With more than 300 performances since its première in San Francisco in 2000, Dead Man Walking is one of the few recent operas that have made it to the Contemporary canon. Its well-known story, told with straightforward narrative, and Jake Heggie’s superb score have captivated operagoers on both sides of the Atlantic. For this successful Spanish première, the Teatro Real has made a safe bet, assembling an experienced cast and hiring a praised production from the Chicago Lyric Opera.

Joyce DiDonato (Sister Helen) © Javier del Real | Teatro Real
Joyce DiDonato (Sister Helen)
© Javier del Real | Teatro Real

Based on the bestseller by Sister Helen Prejean and best known for its film adaptation, Dead Man Walking tells the story of a Catholic nun who undertakes the role of spiritual adviser to Joseph de Rocher, a convicted murderer on Death Row. Librettist Terrence McNally gracefully avoids the sociological and racial context of Angola State Penitentiary (frankly, the elephant on the stage) and focuses on the trascendental encounter of Sister Helen’s journey of faith and de Rocher’s fall into the abyss. In a consequential choice, the opera puts the crime at the prologue, as the trigger of a chain of sorrow in which the death penalty fails to be the closing link. Since the audience has no doubts about De Rocher’s guilt, every element of the story contributes to a pristine narrative arch that leads to the climatic confession, when Helen and De Rocher join in a bliss of love and redemption. 

Measha Brueggergosman (Sister Rose) and Joyce DiDonato (Sister Helen) © Javier del Real | Teatro Real
Measha Brueggergosman (Sister Rose) and Joyce DiDonato (Sister Helen)
© Javier del Real | Teatro Real

This linear narrative structure was reinforced by Leonard Foglia’s effective staging, more successful in providing clarity and rhythm than in giving depth to the story. The characters were perfectly defined through realistic gestures, from the hearty and adventurous Sister Helen to the touchy and rude de Rocher. Michael McGarty’s sets were visually modest, downplaying the Southern traits in favour of the intended universality of the plot, but worked perfectly in scene transitions. Foglia portrays the execution in all its crudity, kindling an instinctive condemnation that might prove more effective than any blunt political discourse, of which the production, as the opera itself, steers  clear.

Above all, it is Heggie’s brilliant score what makes this opera memorable. In the best tradition of American composers, he masterfully combines lyrical expansion with narrative pulse. His music is tonal and melodic, with clever use of expressive dissonances and light doses of folk music, blues and spirituals. It is the characters who bear the burden of the drama, all of them well developed in long intimate scenes and characterised with recognisable themes that evolve along the story. Unlike many contemporary composers, Heggie does not seem interested in complicated orchestral textures and his pragmatism and compromise with narrative clarity leaves little room to abstraction. There are some orchestral explosions though, especially at the end of both acts, where the orchestra of the Teatro Real, conducted by Mark Wigglesworth, sounded blurry, unable to disentangle all the musical layers. However, they succeeded in underlining Heggie’s clean melodies and sustaining a vivid rhythm during the whole performance.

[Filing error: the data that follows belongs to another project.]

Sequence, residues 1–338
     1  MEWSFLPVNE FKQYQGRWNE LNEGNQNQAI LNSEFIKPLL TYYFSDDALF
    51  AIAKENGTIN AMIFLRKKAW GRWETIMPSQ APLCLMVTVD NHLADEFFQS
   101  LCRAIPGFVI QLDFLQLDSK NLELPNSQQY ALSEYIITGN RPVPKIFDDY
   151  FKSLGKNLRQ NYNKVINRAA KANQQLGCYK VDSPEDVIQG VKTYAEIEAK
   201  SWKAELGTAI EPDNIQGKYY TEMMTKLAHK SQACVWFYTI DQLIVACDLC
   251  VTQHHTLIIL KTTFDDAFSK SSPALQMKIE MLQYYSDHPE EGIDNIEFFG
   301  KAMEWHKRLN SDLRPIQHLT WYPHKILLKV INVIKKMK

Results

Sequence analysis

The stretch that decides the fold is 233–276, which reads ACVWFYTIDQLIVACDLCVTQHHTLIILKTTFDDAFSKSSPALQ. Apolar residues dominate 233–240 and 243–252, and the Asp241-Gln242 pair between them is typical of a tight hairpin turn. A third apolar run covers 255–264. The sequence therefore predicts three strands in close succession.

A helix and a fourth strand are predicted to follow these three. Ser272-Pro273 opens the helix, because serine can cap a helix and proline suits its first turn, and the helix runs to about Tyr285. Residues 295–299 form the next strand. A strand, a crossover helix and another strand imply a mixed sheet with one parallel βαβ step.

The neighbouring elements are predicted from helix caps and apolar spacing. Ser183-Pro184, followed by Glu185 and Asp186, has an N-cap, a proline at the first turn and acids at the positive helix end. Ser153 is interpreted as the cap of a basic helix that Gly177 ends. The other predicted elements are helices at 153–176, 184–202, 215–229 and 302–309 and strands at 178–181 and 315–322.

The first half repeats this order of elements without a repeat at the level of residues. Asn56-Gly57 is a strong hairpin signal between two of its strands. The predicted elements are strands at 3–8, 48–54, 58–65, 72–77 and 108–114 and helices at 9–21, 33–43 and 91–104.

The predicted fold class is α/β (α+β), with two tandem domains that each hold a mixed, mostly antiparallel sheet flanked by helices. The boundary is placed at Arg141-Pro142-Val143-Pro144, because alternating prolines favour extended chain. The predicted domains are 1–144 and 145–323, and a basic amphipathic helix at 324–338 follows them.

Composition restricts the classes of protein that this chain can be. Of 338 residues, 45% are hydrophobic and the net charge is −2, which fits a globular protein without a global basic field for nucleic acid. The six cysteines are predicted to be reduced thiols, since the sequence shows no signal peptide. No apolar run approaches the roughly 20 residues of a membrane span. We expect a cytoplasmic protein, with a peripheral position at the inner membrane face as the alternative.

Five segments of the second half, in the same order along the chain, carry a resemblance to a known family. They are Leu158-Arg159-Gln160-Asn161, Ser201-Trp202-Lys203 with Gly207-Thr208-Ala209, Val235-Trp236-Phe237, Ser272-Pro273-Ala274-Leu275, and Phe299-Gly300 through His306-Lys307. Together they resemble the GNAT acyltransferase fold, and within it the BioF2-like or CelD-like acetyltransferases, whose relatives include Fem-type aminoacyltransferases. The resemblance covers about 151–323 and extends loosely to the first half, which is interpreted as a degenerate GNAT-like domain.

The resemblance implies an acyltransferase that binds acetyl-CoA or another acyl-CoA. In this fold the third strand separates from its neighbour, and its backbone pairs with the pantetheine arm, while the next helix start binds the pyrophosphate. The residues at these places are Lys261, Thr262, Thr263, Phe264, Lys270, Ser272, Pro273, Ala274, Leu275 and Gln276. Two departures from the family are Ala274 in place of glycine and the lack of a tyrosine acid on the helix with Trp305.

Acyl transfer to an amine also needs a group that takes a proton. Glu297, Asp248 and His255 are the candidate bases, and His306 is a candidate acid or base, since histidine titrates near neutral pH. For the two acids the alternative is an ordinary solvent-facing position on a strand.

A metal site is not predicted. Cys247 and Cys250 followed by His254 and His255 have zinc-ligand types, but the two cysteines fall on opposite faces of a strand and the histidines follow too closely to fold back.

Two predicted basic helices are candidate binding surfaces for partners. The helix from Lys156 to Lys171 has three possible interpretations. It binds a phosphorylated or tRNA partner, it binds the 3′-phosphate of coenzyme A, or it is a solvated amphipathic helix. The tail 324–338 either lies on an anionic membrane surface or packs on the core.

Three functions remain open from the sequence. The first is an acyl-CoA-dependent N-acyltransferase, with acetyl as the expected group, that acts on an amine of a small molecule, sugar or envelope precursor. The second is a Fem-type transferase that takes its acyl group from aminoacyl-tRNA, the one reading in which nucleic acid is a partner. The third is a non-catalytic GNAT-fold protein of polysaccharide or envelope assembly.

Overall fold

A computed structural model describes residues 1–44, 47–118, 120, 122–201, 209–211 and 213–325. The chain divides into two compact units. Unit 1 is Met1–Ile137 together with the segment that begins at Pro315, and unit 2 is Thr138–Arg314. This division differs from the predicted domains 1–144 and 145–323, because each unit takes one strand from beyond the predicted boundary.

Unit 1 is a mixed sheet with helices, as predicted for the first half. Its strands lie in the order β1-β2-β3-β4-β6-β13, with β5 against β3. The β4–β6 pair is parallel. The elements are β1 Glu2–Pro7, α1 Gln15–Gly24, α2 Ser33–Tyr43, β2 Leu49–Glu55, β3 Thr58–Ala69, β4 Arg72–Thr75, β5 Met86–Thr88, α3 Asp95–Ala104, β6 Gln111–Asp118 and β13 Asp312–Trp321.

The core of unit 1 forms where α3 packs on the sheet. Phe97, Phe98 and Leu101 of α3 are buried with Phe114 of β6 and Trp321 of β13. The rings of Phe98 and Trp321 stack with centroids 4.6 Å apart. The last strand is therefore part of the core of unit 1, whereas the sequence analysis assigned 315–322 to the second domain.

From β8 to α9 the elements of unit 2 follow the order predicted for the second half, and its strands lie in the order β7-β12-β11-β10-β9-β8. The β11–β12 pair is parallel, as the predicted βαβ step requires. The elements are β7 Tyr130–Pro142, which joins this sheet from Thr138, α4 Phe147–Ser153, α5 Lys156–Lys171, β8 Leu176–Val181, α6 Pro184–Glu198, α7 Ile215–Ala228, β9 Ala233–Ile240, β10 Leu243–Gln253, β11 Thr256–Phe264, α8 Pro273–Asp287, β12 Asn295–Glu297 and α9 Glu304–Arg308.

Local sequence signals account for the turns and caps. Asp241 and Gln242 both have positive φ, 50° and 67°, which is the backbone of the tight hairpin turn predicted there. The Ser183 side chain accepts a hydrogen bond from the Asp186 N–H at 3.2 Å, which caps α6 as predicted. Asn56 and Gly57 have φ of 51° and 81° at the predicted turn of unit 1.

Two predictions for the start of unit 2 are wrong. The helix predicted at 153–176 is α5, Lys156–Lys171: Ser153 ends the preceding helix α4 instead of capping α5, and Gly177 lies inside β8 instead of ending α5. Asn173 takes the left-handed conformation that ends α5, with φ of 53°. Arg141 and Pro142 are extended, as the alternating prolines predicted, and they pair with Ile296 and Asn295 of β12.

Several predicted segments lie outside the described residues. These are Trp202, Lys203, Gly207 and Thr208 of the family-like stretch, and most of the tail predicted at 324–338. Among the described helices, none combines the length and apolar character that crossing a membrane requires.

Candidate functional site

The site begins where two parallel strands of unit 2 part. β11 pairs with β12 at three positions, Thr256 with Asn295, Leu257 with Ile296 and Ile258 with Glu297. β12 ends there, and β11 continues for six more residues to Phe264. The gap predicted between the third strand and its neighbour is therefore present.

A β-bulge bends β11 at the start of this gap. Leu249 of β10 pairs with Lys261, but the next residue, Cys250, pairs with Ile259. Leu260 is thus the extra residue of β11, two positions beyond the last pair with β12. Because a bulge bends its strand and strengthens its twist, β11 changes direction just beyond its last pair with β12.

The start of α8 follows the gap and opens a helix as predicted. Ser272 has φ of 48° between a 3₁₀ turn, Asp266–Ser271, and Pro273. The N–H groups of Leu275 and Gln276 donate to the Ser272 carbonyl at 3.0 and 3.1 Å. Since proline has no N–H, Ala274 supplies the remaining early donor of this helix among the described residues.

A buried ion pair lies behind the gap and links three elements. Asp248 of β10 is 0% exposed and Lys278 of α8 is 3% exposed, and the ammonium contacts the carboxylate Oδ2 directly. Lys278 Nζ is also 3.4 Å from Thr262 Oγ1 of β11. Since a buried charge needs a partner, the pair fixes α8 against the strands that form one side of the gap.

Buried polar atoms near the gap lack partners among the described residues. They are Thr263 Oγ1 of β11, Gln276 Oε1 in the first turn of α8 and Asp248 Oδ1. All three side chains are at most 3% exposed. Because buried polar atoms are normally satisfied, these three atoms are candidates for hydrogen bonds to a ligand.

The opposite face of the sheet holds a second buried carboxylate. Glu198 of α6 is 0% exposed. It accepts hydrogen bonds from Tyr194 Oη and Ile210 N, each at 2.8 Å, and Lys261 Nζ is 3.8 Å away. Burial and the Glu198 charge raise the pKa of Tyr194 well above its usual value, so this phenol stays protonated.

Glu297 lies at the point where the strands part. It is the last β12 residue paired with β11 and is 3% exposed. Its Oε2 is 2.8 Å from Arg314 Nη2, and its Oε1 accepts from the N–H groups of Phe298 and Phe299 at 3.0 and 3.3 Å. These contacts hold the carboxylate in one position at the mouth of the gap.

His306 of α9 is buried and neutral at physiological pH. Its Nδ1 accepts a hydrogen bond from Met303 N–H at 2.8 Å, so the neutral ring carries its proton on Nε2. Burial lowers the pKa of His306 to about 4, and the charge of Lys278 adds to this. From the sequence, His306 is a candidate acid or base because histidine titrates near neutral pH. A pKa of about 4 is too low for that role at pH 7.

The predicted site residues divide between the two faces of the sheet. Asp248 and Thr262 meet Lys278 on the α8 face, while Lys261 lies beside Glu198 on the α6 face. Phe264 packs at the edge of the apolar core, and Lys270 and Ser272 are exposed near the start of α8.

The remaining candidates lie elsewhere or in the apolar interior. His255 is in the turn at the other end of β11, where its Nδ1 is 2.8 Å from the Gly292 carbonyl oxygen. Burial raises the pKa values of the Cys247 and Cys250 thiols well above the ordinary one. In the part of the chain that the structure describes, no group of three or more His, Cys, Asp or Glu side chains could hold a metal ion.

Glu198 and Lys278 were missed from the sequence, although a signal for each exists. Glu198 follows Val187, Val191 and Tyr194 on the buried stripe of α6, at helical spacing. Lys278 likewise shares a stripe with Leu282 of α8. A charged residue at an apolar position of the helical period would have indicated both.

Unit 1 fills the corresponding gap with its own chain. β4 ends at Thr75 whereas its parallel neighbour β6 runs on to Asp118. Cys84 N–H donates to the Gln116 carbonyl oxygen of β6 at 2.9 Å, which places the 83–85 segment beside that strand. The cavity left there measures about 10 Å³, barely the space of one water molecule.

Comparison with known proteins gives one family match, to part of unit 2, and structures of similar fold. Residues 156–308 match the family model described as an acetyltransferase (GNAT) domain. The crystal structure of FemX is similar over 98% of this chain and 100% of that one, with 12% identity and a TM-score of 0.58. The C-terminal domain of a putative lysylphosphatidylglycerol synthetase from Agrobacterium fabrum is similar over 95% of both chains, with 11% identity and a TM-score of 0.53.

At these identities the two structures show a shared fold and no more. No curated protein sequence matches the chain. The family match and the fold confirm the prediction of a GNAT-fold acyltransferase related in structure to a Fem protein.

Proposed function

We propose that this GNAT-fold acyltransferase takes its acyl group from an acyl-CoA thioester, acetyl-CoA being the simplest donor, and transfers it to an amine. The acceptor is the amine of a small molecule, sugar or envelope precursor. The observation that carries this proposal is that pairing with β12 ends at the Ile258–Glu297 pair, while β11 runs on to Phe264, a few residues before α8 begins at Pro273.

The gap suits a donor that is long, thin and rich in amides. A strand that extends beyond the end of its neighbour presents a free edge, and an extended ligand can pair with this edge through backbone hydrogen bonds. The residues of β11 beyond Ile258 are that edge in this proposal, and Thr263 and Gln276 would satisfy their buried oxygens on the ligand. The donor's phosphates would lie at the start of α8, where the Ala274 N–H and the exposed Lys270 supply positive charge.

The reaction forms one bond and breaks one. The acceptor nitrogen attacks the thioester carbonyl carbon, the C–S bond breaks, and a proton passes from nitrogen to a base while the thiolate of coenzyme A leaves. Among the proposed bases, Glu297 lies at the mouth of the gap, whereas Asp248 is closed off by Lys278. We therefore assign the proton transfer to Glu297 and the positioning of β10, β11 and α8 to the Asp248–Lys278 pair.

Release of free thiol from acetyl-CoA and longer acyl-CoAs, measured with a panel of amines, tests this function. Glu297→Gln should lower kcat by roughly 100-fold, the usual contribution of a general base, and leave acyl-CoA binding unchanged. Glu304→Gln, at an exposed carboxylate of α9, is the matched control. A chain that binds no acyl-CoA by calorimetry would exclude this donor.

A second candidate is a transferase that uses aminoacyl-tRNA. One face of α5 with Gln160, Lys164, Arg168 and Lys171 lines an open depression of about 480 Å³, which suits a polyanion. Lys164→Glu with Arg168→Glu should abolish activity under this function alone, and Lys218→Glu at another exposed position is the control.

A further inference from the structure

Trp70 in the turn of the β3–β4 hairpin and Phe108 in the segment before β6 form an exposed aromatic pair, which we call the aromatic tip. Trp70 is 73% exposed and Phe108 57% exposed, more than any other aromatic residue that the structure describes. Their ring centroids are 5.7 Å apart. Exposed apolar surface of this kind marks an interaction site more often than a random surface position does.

Michael Mayes (Joseph De Rocher) and Joyce DiDonato (Sister Helen) © Javier del Real | Teatro Real
Michael Mayes (Joseph De Rocher) and Joyce DiDonato (Sister Helen)
© Javier del Real | Teatro Real

A devoted composer of songs, Heggie definitely knows how to write sympathetically and uses the human voice for expressing the characters' humanity, that spins in long melodic archs. This is especially true with De Rocher's mother: while the rest struggle to find this redemptive vocal expansion, she comes to it naturally in her long scene in Act 1, setting the moral standard of the story. Maria Zifchak made the most of it with her rich mezzo and perfect technique. Her monologue showed a whole palette of feelings and the line “Haven’t we all suffered enough?”, delivered with dignity and emotion, resonated poignantly in the house.

Joyce DiDonato surely knows her Sister Helen. Although she combined moments of truly inspired acting with others a bit over the top, she played Sister Helen with hearty gesture and frank charisma. The role was written for Susan Graham and DiDonato's lighter mezzo may be today a bit far from Graham's creamy central notes, but she has come to own the role with solid singing, perfect diction and candid phrasing.

Michael Mayes (Joseph De Rocher) © Javier del Real | Teatro Real
Michael Mayes (Joseph De Rocher)
© Javier del Real | Teatro Real

Michael Mayes defied other interpretations of the role and conveyed a ruder, harsher De Rocher, always led by his instincts. His sturdy baritone paid off in the most violent phrases but he was also able to portray all the nuances of the character, from the bravado and sensuality of his first encounter with Helen to the candid acceptance of his fears in Act 2. Measha Brueggergosman’s Sister Rose provided warm confort to Helen’s troubles but her performance was tainted by blurred diction and strained high notes. Toni Marsol and Roger Padullés stood out among the solid all-Spanish cast playing the supporting roles. Judging from the audience's warm reception, they’d better keep their copies of the score close to hand.